Let’s jump back in time to the period of William Shakespeare. Scratch that. Let’s jump back to the period of Edward de Vere, Earl of Oxford. Anonymous, directed by Roland Emmerich, the mastermind behind such grandiose films as The Day After Tomorrow and Independence Day, delves into the truth behind the famous works of William Shakespeare.
Anonymous diverges from Emmerich’s previous films, which tend to lean towards the extravagant. Instead, this film offers a more quiet and devious tone. Pulling the viewer in from the beginning via a literal introduction from Derek Jacobi, the film attempts to “set the stage” for the audience by explaining why an illiterate actor (William Shakespeare) could not have written such thrilling and witty words as seen in Macbeth and Romeo and Juliet. From the beginning, the film questions the authority of each character, acknowledging that no one’s identity is ever truly known and that lies and truths blend seamlessly together. The viewer carries these questions through the very end.
William Shakespeare, played by Rafe Spall, is shockingly unimportant important within the film. Despite the film’s tagline, “Was Shakespeare a Fraud?” he is a minor character, whose name has more presence than his identity. Oxford, a tormented nobleman torn between his passion for writing and his duties, is portrayed convincingly by Rhys Ifans. Ifans plays the true visionary behind the supposed words of Shakespeare, who is, in fact, a fraud.
Unable to claim his own work, Oxford enlists the aid of fellow playwright, Ben Jonson, played by Sebastian Armesto, to showcase his work on the stage. Jealousy arises after the masses react favorably towards Oxford’s works, and underneath this jealousy lies more questions that can (supposedly) only be answered by a series of flashbacks.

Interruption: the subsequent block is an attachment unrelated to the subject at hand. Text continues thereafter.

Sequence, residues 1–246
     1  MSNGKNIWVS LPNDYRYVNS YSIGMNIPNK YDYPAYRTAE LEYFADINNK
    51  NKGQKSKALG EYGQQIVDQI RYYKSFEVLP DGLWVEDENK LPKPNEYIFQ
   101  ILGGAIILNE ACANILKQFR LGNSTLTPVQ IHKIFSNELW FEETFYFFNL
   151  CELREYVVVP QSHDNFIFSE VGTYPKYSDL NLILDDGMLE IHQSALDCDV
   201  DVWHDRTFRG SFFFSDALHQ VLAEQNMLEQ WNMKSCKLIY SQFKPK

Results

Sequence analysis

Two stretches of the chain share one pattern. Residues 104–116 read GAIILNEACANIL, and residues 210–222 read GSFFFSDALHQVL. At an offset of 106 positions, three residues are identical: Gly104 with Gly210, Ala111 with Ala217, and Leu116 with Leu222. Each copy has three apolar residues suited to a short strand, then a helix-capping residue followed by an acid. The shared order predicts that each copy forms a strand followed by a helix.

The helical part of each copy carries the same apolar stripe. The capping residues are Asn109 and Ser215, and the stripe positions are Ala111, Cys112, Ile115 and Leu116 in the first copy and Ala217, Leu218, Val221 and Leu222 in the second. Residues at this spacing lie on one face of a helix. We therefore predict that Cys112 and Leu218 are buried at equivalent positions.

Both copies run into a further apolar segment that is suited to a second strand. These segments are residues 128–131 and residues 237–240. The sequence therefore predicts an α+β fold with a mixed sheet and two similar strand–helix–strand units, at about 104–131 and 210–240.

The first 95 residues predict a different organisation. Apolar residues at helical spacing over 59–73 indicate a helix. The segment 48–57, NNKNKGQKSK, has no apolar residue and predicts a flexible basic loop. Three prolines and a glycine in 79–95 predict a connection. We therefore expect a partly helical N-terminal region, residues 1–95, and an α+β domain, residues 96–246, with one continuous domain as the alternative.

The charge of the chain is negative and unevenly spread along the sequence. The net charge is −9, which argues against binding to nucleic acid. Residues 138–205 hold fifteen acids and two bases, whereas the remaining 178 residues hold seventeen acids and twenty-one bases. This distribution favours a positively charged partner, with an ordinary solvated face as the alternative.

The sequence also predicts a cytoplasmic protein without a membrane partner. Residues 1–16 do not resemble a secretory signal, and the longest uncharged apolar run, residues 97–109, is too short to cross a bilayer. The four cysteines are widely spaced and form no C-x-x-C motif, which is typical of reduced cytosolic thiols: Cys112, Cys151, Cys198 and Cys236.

From flashback to flashback, viewers see how theater has intertwined the lives of characters on screen. From the royal Queen Elizabeth I to the lowly actor William Shakespeare, each plays a part that they know nothing about. Oxford’s writings affect his life and the lives of those around him. Viewers see shots of “Shakespeare’s famous plays,” such as Hamlet and Henry V, alongside scenes of tragedy and secrets involving Oxford. A connection is made between his works and his experiences, and the viewer begins shift the perceptions formed in his 8th grade Literature class.
With beautiful aerial shots of London, and specifically the Globe Theater, Anonymous takes viewers on a journey from the present to the past, seeking to answer questions no one at the theater had asked. However, the answers it gives highlights an interesting idea of anonymity. The lies and deception seen throughout the film point out that everyone is anonymous to a degree because no one is willing to show their true selves. Compelling actors and actresses really push this film beyond expectations, and words both said and written hold great meaning. Illegitimate children, fake playwrights, and illicit affairs abound in Emmerich’s film, and that’s not always a bad thing.
Starring: Rhys Ifans, Sebastian Armesto, Vanessa Redgrave, Rafe Spall, Jamie Campbell Bower, Edward Hogg
Directed By: Roland Emmerich
PG-13, 130 minutes
See if you liked: The Other Boleyn Girl (2008)